Friday, September 27, 2013

Curiosity Rover Makes Big Water Discovery in Mars Dirt, a ‘Wow Moment’

Future Mars explorers may be able to get all the water they need out of the red dirt beneath their boots, a new study suggests.

NASA’s Mars rover Curiosity has found that surface soil on the Red Planet contains about 2 percent water by weight. That means astronaut pioneers could extract roughly 2 pints (1 liter) of water out of every cubic foot (0.03 cubic meters) of Martian dirt they dig up, said study lead author Laurie Leshin, of Rensselaer Polytechnic Institute in Troy, N.Y.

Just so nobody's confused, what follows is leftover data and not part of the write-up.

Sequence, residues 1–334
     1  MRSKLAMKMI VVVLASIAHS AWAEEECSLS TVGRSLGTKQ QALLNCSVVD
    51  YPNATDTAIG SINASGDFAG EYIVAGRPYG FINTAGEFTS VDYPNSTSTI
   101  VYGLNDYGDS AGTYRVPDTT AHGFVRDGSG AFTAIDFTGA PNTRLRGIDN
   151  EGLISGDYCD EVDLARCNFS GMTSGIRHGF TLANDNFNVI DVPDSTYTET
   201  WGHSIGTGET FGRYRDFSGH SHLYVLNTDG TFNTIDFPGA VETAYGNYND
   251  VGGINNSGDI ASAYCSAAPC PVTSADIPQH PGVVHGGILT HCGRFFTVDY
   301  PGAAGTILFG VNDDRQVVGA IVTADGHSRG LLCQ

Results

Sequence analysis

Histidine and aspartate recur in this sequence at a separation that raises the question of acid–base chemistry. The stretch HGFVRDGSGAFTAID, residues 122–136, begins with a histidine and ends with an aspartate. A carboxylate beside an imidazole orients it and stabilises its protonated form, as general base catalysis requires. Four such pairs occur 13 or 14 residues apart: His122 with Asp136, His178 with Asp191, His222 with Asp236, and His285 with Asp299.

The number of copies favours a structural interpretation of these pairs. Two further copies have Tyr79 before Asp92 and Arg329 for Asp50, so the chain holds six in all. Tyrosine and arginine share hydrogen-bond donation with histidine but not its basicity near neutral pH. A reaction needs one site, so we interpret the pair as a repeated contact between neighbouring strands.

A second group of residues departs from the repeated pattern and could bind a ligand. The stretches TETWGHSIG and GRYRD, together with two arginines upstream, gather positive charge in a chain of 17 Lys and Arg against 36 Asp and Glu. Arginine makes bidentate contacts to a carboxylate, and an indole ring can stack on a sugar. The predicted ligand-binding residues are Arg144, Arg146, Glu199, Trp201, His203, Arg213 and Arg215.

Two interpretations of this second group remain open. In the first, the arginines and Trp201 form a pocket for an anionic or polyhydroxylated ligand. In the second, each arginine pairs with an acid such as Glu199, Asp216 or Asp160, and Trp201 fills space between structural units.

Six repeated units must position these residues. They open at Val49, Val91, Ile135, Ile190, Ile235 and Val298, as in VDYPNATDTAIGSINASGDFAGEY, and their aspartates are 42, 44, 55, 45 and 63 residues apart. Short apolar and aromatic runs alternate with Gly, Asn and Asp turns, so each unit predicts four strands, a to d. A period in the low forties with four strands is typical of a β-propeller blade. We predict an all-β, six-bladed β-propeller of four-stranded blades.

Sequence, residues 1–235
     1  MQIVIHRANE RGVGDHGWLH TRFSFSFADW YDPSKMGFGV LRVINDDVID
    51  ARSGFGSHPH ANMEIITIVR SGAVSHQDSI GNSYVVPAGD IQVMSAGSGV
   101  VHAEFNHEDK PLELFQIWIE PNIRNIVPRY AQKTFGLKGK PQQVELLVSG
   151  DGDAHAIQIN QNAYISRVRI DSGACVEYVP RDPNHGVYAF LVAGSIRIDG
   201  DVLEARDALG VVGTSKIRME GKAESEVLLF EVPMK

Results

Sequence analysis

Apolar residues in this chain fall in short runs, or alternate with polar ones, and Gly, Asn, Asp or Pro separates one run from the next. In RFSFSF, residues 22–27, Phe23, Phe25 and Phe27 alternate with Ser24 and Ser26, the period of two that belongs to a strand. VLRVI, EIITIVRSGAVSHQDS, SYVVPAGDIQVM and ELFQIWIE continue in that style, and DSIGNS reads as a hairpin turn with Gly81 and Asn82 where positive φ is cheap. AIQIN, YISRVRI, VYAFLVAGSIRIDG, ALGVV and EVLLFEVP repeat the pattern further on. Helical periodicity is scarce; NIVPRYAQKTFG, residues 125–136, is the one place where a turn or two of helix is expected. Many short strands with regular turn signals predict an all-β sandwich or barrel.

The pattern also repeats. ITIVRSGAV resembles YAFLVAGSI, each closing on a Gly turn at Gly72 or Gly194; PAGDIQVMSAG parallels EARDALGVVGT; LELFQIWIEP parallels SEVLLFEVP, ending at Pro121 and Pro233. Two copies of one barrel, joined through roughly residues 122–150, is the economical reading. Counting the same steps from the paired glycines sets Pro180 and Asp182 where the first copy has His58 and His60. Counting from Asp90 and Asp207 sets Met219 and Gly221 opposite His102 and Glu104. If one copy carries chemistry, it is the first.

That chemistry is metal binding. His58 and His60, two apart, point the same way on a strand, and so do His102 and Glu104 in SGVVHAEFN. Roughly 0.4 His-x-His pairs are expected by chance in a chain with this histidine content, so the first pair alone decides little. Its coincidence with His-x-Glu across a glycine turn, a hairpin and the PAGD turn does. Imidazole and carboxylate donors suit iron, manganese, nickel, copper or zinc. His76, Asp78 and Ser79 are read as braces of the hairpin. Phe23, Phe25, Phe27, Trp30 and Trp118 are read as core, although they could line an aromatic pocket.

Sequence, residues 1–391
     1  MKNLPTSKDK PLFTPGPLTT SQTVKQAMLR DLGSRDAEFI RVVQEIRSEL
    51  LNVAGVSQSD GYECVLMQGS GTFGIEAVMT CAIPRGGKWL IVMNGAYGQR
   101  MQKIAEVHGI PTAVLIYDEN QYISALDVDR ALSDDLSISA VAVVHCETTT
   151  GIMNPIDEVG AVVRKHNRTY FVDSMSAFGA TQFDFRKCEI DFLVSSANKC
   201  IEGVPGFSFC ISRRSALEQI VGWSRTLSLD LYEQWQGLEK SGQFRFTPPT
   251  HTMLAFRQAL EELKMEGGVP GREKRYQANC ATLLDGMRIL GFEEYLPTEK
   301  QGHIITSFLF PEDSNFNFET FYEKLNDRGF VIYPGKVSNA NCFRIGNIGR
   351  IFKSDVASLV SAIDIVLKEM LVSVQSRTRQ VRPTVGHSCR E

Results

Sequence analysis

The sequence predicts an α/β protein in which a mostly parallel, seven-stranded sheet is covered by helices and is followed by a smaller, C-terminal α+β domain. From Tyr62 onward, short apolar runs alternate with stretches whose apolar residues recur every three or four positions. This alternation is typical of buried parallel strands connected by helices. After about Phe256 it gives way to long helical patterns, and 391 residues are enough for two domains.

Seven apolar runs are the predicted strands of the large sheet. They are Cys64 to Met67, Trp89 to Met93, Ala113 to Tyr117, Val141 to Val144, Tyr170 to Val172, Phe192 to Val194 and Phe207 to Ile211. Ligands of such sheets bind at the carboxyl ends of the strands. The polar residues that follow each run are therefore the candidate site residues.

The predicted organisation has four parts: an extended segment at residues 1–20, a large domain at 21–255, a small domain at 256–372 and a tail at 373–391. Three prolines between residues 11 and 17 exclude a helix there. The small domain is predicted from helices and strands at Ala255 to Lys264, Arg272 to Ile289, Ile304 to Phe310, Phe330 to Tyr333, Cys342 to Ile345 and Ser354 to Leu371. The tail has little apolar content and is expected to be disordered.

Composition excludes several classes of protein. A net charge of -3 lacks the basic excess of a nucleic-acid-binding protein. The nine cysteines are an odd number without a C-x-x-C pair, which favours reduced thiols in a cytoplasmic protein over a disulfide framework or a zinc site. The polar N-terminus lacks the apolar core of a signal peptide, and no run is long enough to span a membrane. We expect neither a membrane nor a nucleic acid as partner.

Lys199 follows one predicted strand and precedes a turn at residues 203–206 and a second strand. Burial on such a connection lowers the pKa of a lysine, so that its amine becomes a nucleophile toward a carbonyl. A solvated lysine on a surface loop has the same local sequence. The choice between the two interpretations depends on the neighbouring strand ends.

“For me, that was a big ‘wow’ moment,” Leshin told SPACE.com. “I was really happy when we saw that there’s easily accessible water here in the dirt beneath your feet. And it’s probably true anywhere you go on Mars.”

Curiosity touched down inside Mars’ huge Gale Crater in August 2012, kicking off a planned two-year surface mission to determine if the Red Planet could ever have supported microbial life. It achieved that goal in March, when it found that a spot near its landing site called Yellowknife Bay was indeed habitable billions of years ago.

But Curiosity did quite a bit of science work before getting to Yellowknife Bay. Leshin and her colleagues looked at the results of Curiosity’s first extensive Mars soil analyses, which the 1-ton rover performed on dirt that it scooped up at a sandy site called Rocknest in November 2012.